Most important of all, the globally approved qualities of hybrid pop music lead to a new self-image, a new identity in the non-Western world and its diaspora, as its respective musical past and culture is no longer regarded as something inferior, but as something that earns and receives recognition and appreciation on a global level. This process is pushed — which shows its ambivalences—by Western and non-Western groups with different aims and intentions. Ercan Demirel’s compilation The New Generation of Turkish Psychedelic is made from a completely different spirit than Cypress Hill’s «Band of Gypsies,» and yet they both deliver contemporary hybrid pop.

Nonetheless it is the mentioned aspect of revaluation that is probably most important, at least as it concerns the decolonization of (non-Western) pop music. This is relevant even for the areas of pop music that present a problematic complexity, such as the use of pop music as militant music when Nigerian pop music developed in quality within an—ethically doubtful—military context. However, such complexities and contradictions have not been unknown in Western music history, if we just think of the war-loving Filippo Tommaso Marinetti and his avant-garde circle of Futurists at the beginning of the 20th century. The Futurists would have been delighted —u nfortunately — to see their music used as militant music. Anyhow, do we have the right (ethical) standards and a justified position to judge these aspects outside the Western world, when we have similar difficulties inside the Western world? Should there not be an African music ethics developed and assessed here?

Image 9: Record sleeve for the vinyl lp «Çoban Mamoş – Disco Folk» by Derdiyoklar (© Türküola 1984)

The Cooperative Approach

Let us go back, once more, to Global Pop First Wave and my work for this label. At present, when it comes to decolonizing approaches, one can observe more and more cooperative working structures, including Western and non-Western partners on a preferably equal level. Tendencies to exclude Western people, especially white ones, like explicitly proposed in the South African web series The Foxy Five, are still the exception.

I regard the cooperative approach as the model for my own future decolonizing work for Global Pop First Wave and related curatorial and scholarly efforts. At present, my partner Cornelia Lund and I collaborate with the Turkish scholar and curator Banu Çiçek Tülü on the project «Hybrid Glamour—Turkish Pop Music Images. The Music and Its Communication Design: Record Covers, Photos & Posters & Ads in Magazines, Cinema Posters, Music Performances in Films & Clips 1960s–early 1980s.» It is a scholarly-curatorial project, with an extended team that includes Mona Mahall and Asli Serbest as well as a wider Turkish community network with additional input from Murat Meriç, Erbatur Çavuşoğlu, Hilmi Tezgör, and many others.

With our independent media art and media design platform fluctuating images, Cornelia Lund and I are planning to extend our cooperation with African partners like the Senegalese platform for cultural production Wakh’Art in Dakar. Currently we are working on the exhibition project «Connecting Afro Futures. Fashion x Hair x Design» (2019), for which fluctuating images is cooperating with the Kunstgewerbemuseum (Museum of Applied Arts and Design) Berlin and Wakh’Art.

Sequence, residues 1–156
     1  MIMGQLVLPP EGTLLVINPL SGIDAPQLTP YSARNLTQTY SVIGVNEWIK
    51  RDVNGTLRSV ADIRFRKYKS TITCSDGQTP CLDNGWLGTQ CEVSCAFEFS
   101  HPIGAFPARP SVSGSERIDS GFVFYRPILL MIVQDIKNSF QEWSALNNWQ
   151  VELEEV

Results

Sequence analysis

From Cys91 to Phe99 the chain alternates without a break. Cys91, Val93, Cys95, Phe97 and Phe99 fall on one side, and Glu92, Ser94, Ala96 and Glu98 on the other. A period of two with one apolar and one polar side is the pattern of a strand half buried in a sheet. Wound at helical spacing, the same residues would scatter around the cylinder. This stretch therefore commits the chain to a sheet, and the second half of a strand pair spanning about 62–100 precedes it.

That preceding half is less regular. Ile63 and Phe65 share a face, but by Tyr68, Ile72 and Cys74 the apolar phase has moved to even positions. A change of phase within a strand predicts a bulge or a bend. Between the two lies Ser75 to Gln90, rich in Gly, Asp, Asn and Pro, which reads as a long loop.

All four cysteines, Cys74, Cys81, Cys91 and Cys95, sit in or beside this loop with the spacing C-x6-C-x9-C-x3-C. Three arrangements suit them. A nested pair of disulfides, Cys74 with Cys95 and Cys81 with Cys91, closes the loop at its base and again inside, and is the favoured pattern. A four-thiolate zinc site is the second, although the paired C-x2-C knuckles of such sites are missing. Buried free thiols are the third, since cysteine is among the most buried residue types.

Because nothing is more important to us than mutual exchange to achieve a critical and self-reflexive decolonizing practice. Here we treasure the continuous dialog with Luiza Prado and Pedro Oliveira, two Brazilian agents of the international group Decolonizing Design. Their input is on a next level reflecting and criticizing decolonial discourse and the different interests involved in it. As every intellectual practice, decolonial thinking needs attentive revaluation itself.

How Does Streaming Affect the Future of Music?

And a last point: when we consider that streaming is the most influential way of hearing music today, new questions are turning up: «Will our digitally connected music world result in a globally informed pop monoculture, created at the whim of Western streaming companies?» the New York-based writer Liz Pelly asked recently. She points to the fact that music-streaming services produce a lack or even a loss of context, bringing historical and contemporary music to one and the same level, evening out the geographical differences: music from nowhere/anywhere and timeless/from any time. Music from the Non-Places of Marc Augés? Developing a historical sense becomes difficult here. But this annihilation of history concerns images as well as music, it concerns cultural production and its perception in general. Music history writing has to take this cultural practice in mind and has to deal with it — streaming history against music streaming.


Eothen Alapatt, Uchenna Ikonne, Wake Up You!: The Rise and Fall of Nigerian Rock 1972–1977, Los Angeles: Now Again, 2016.

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Bauer unser (dir. Robert Schabus, Germany 2017)

Dead Donkeys Fear No Hyenas (dir. Joakim Demmer, Germany 2017)

Le malentendu colonial (dir. Jean-Marie Teno, Cameroon, France, Germany 2004)

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Armaan Malik’s instagram pictures will leave you awestruck! – RadioandMusic.com

Delivered... | Scene | Fri 5 Jul 2019 8:00 am
Armaan Malik's instagram pictures will leave you awestruck!  RadioandMusic.com

MUMBAI: Singer Armaan Malik is known for donning some stylish outfits. The singer, who has stole hearts with his exceptional singing, has also left fans ...